Never mind the North Korea summit. What happened to the commemorative coin?

Coins marking the North Korean summit hit a bump and sparked a few jokes with the meeting's demise.

(CNN)But what about the coin????

A much-ballyhooed Singapore summit between the United States and North Korea met its end Thursday when President Donald Trump called off the conference over some typically Kim Jong Unesque name-calling -- or, as Trump phrased it, "tremendous anger and open hostility."
The cancellation, for now, stamps out the prospects for peace between the long-at-odds nations, the denuclearization of North Korea and Trump's Nobel Peace Prize. Yet it did nothing to stop the production of snazzy coins featuring Trump and Kim in front of patriotic backdrops surrounded by olive branches.
    Because the coins already exist.
    Because they were made before the meeting with a fickle, autocratic dictator with a disdain for the West that literally goes back generations.
    Yeah.
    More than a few people saw the pitfalls in the premature printing of summit coins. Journalist Adam Weinstein remarked Monday, "There's no way a president pre-pressing a challenge coin to commemorate a not-yet-held summit with the North Koreans could ever go wrong."
    To its credit, the White House distanced itself from the dubious doubloon from the outset, saying the White House Communications Agency creates coinage for every presidential trip abroad and it was not created or approved by anyone at 1600 Pennsylvania Ave. Nor did it require any taxpayer coins. Phew.
    "Since 2003, White House Communications Agency members have ordered a limited number of commercially designed and manufactured souvenir travel coins for purchase," a White House spokesman said.
    The commemorative -- or maybe not-so-commemorative -- spare change was called garish, weird, creepy and a Dumpster fire, and that was before it was deemed decidedly unnecessary.
    Its snappy sense of humor ever-present, Twitter began minting jokes quicker than ... well, the White House mints North Korea summit coins.
    Perhaps no surprise, President Barack Obama's former chief strategist, CNN's David Axelrod, was one of the first to take a jab.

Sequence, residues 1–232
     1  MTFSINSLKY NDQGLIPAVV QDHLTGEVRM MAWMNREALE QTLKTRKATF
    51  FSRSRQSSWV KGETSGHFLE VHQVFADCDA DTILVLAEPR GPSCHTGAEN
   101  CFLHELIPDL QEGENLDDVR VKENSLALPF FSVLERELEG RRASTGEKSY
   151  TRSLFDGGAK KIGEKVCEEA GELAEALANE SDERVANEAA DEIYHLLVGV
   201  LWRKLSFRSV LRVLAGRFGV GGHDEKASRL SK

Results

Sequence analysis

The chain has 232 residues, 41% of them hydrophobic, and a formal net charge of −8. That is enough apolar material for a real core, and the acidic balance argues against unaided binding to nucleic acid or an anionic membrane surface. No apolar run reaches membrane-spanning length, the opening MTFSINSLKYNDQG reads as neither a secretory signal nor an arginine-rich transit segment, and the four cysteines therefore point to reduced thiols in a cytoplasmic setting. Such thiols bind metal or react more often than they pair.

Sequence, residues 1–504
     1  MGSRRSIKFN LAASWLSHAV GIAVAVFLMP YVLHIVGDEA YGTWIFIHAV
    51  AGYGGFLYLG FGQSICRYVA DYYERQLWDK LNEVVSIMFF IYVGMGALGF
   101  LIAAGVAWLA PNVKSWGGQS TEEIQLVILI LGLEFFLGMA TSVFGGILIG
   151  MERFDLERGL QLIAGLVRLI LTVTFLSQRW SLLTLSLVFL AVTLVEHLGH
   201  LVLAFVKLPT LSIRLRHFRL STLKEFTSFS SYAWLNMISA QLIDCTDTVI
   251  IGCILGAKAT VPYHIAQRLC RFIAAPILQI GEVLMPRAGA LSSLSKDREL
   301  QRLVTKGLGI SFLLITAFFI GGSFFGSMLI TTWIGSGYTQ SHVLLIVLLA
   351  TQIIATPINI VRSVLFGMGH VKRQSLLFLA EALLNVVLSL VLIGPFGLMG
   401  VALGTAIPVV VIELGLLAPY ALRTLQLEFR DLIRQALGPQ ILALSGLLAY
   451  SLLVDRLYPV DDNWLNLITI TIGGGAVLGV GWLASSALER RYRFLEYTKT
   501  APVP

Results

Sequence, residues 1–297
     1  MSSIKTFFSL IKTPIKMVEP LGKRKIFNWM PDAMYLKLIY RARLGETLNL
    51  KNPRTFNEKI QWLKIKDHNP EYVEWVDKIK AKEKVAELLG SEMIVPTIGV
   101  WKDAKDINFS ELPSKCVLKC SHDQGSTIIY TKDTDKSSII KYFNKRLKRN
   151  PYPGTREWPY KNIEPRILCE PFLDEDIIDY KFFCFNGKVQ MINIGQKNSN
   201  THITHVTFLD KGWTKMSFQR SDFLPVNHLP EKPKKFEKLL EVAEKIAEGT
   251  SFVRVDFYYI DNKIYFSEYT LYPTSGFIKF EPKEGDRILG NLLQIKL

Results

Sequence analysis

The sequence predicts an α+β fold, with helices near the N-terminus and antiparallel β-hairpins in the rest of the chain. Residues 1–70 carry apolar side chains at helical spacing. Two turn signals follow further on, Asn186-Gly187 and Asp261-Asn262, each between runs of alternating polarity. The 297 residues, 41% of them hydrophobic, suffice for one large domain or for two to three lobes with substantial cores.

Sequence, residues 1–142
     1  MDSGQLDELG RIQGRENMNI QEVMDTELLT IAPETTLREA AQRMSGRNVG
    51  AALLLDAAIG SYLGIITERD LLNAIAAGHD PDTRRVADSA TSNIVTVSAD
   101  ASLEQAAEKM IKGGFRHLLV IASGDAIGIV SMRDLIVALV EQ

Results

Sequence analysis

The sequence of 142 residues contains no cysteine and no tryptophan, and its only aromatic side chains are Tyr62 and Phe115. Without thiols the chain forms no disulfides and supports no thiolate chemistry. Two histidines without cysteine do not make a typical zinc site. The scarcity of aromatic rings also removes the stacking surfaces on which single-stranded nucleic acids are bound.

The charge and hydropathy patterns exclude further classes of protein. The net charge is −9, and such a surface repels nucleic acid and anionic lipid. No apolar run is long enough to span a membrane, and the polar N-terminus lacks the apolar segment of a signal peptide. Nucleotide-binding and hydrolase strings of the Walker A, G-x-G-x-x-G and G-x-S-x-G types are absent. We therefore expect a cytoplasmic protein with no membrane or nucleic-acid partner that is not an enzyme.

"Coming soon to eBay: Historic summit coins!" he quipped.
    Other tweeps played on the meme of young entrepreneur Frank Giaccio fulfilling his dream of mowing the White House lawn last year. Twitizen Paul Ryckert posted a photo of the boy mowing as Trump looked on.
    "Can I pay you with US/Korea summit commemorative coins?" the caption reads.
    Writer Thomas Ricks asked -- rather appropriately -- if the White House will issue a "no summit" coin. The White House did not return calls inquiring whether that is a possibility. (Disclaimer: Because no one really asked.)
    A juggler and kazoo player going by The Hoarse Whisperer suggested that the coin is "now the Chuck E. Cheese token of presidential keepsakes." The Kumsusan Palace of the Sun: Where a Kim can be a Kim!
    A tweep with the handle Tea Pain -- not to be confused with the Tallahassee rapper T-Pain (whose real name is Faheem, not T) -- wondered if Trump's heralded business acumen might be at play.
    "One day we'll find out Trump did a short sale on the commemorative coins, then pulled outta the summit. #InsiderTrading," he tweeted.
    Former Pentagon mouthpiece Adam Blickstein -- obviously tapping his deep Beltway connections -- reported that along with his "breakup letter," Trump sent his paramour half of the coin "imploring him to wear it around his neck until they're reunited, in love."
    Awwwww! And you thought Harry and Meghan were adorable!
    On Thursday morning, the White House Gift Shop -- established by President Harry Truman in 1946, which in the ultimate irony was before the Chicago Daily Tribune's infamous "Dewey Defeats Truman" headline -- summit coins briefly remained available to the public.
    It's a different coin. This one features South Korean President Moon Jae-in, who is doubtless thrilled. But it raises the next question: They made two freaking coins?
    This author can't judge, as he purchased one shortly before the site crashed around lunchtime. He couldn't resist the $5 discount and black velvet case.